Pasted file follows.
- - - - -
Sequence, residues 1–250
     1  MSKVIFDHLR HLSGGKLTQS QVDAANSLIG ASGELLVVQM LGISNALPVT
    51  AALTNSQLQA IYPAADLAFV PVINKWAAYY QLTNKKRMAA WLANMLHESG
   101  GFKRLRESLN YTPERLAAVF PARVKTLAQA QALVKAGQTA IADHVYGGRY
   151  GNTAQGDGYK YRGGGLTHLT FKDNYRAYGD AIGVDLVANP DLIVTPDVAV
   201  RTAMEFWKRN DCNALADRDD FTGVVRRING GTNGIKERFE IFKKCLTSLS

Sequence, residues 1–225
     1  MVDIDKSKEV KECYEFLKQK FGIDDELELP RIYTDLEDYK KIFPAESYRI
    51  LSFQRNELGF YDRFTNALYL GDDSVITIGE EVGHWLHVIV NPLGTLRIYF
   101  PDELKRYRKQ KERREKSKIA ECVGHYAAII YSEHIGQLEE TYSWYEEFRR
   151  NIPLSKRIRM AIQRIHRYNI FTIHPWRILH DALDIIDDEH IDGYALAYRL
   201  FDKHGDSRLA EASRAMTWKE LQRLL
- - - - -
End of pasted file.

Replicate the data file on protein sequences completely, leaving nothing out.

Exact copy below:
Sequence, residues 1–250
     1  MSKVIFDHLR HLSGGKLTQS QVDAANSLIG ASGELLVVQM LGISNALPVT
    51  AALTNSQLQA IYPAADLAFV PVINKWAAYY QLTNKKRMAA WLANMLHESG
   101  GFKRLRESLN YTPERLAAVF PARVKTLAQA QALVKAGQTA IADHVYGGRY
   151  GNTAQGDGYK YRGGGLTHLT FKDNYRAYGD AIGVDLVANP DLIVTPDVAV
   201  RTAMEFWKRN DCNALADRDD FTGVVRRING GTNGIKERFE IFKKCLTSLS

Sequence, residues 1–225
     1  MVDIDKSKEV KECYEFLKQK FGIDDELELP RIYTDLEDYK KIFPAESYRI
    51  LSFQRNELGF YDRFTNALYL GDDSVITIGE EVGHWLHVIV NPLGTLRIYF
   101  PDELKRYRKQ KERREKSKIA ECVGHYAAII YSEHIGQLEE TYSWYEEFRR
   151  NIPLSKRIRM AIQRIHRYNI FTIHPWRILH DALDIIDDEH IDGYALAYRL
   201  FDKHGDSRLA EASRAMTWKE LQRLL